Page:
The head of United States Central Command has visited Uzbekistan as the U.S. works to "rebalance" its policies toward Central Asia, a policy which officials increasingly admit has been excessively focused on security.
General Lloyd Austin, head of CENTCOM, visited Uzbekistan and met with President Islam Karimov among other officials. There was no official word on what the visit was about. Voice of America Uzbek service's Navbahor Imamova, who has good sources on these issues, says that her sources say the visit was "purely maintenance" and included "no basing talk."
That didn't convince everyone, and the Uzbekistan news website uzmetronom reported that Austin was in Uzbekistan to negotiate a new U.S. military base there, and that the U.S. was offering Tashkent a billion dollars a year for the privilege, and that Germany was opposing it behind the scenes. That's all pretty unlikely, but it's interesting coming from uzmetronom; the site is well connected to the country's security services and in Uzbekistan there are obviously strict limits on what can be published. Whatever the reason, the report was of course eagerly picked up by the Russian media.
In March, Austin testified to Congress about the U.S. military's posture in the CENTCOM area, and said this about Uzbekistan:
Our relationship with Uzbekistan is advancing in a deliberate, balanced way driven by shared regional security concerns. We have resumed Special Forces training and initiated a non-binding five-year framework plan. Our bilateral training conducted in June 2013 focused on [counterterror and counternarcotics] and renewed collaboration in support of shared interests. The Uzbeks also continue to provide support for operations in Afghanistan, principally by allowing access to [Northern Distribution Network] routes. While the Uzbeks prefer to work bilaterally, we see significant potential in their expressed desire to contribute positively to regional stability. Our security cooperation programs are carefully managed so as not to upset the regional military balance.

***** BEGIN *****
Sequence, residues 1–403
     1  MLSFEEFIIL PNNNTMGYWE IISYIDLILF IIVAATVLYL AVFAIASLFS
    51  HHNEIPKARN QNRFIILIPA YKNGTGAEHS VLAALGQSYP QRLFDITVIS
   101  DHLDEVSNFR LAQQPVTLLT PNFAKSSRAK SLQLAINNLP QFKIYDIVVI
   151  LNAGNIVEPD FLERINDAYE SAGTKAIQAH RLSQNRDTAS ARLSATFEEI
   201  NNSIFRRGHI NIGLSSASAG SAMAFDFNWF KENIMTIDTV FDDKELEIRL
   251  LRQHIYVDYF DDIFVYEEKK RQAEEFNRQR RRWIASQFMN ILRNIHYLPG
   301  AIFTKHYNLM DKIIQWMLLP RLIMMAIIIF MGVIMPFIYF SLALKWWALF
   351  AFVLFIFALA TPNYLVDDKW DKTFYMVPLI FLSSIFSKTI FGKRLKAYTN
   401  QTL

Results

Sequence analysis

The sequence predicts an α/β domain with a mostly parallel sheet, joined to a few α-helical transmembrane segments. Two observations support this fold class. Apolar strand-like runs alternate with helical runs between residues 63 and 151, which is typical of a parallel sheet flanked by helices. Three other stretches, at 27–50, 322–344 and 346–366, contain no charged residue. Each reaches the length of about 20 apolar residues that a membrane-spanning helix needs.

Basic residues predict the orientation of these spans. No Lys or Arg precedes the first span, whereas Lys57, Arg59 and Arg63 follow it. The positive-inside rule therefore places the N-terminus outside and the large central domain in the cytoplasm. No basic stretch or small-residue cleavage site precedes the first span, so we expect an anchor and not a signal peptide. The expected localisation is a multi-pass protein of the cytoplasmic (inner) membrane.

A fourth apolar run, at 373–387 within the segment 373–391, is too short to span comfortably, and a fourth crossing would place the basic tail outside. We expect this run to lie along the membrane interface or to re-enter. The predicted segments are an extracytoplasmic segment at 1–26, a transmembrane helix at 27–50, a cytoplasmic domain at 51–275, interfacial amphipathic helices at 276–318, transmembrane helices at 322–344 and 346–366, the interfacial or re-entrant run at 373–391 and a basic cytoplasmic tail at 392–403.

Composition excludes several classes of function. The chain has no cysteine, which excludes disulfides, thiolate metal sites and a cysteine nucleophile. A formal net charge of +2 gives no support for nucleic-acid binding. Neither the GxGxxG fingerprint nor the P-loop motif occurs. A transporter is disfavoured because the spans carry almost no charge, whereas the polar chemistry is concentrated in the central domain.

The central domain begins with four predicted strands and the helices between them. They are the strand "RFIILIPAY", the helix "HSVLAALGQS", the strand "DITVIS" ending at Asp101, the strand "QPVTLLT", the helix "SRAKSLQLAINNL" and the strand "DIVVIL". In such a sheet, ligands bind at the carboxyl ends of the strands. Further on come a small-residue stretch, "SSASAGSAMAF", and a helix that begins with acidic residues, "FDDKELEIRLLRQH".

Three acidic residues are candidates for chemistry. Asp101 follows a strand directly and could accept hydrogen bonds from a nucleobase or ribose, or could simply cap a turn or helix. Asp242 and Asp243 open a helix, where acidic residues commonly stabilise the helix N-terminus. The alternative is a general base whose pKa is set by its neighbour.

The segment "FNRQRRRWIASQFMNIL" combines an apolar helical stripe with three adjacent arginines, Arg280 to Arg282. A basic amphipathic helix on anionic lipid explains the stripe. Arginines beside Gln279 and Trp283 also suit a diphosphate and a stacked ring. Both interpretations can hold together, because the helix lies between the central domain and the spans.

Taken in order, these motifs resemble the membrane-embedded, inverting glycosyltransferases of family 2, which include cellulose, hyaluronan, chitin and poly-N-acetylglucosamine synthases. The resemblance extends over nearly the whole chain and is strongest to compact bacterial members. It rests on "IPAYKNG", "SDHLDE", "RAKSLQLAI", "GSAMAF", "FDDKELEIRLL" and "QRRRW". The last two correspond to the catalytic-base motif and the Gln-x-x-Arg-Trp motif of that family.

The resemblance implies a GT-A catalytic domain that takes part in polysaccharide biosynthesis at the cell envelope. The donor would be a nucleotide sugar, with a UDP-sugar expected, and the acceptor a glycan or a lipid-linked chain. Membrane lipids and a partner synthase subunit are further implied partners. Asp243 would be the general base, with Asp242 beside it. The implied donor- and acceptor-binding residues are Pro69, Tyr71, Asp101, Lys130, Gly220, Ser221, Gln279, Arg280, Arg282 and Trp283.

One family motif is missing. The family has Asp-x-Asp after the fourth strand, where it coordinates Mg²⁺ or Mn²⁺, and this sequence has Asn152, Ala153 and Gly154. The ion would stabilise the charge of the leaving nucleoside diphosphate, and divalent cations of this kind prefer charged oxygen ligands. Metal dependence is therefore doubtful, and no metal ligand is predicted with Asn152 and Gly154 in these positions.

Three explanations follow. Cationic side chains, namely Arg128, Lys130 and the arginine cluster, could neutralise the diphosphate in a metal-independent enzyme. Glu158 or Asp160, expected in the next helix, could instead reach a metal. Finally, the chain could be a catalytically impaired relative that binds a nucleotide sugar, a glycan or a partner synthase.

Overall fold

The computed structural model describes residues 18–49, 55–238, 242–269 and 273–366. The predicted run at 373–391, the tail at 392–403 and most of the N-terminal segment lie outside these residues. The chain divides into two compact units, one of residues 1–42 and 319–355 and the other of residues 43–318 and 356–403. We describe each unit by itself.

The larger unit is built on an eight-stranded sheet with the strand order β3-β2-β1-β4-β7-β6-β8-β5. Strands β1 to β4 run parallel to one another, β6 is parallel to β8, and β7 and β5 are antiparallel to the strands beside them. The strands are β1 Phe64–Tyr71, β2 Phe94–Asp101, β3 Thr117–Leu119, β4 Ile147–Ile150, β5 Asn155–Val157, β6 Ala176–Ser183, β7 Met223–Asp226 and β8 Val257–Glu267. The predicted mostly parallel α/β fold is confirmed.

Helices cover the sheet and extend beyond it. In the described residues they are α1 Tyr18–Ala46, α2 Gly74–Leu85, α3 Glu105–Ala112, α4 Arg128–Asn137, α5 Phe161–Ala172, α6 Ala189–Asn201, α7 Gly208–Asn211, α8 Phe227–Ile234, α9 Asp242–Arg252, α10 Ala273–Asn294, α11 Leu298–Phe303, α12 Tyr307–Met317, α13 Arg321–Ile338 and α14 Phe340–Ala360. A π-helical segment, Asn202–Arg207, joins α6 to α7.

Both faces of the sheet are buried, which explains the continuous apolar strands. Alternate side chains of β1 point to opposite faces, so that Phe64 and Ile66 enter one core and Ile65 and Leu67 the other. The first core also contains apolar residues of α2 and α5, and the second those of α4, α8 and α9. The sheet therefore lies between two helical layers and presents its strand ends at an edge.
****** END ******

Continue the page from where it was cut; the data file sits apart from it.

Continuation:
The U.S. military's relationship with Uzbekistan has been a fraught one. A wide range of critics have said that the U.S.'s focus on Afghanistan led it to a misbalanced policy in Central Asia, focused heavily on military support of the war in Afghanistan to the detriment of other priorities, most notably promoting political reform. U.S. officials have strongly pushed back against that notion publicly (while occasionally acknowledging it in private).
But lately U.S. officials, including Austin, have been admitting in public that the relationship was skewed by the requirements of Afghanistan. In his March testimony, Austin suggested that U.S. aid to Central Asian countries would now be less "transactional" and more based on regional threats: "Going forward, initiatives will be tailored to transform our current limited transactional-based relationships into more constructive cooperative exchanges based on common interests and focused on training and equipping them to conduct more effective [counterterror, counterproliferation, and counternarcotics] operations."
And in an interview last week with Imamova, the White House's top official dealing with Central Asia, Celeste Wallander, talked about her recent trip through the region, and also acknowledged that now the U.S. was looking at rebalancing to not focus so heavily on security: ""So much of our focus has been on security, because that was necessary because of the Afghanistan mission. During my trip I had a very strong view that that was important and that the security cooperation needs to continue. But now we have an opportunity with this transition to have more of a balance and support the engagement of all our partners more broadly in the economic, political, and social spheres."
These criticisms of the former policy of military-driven compromise, gentle as they may be, are a pretty good indication that U.S. policy toward Central Asia really is changing as the U.S. pulls out of Afghanistan.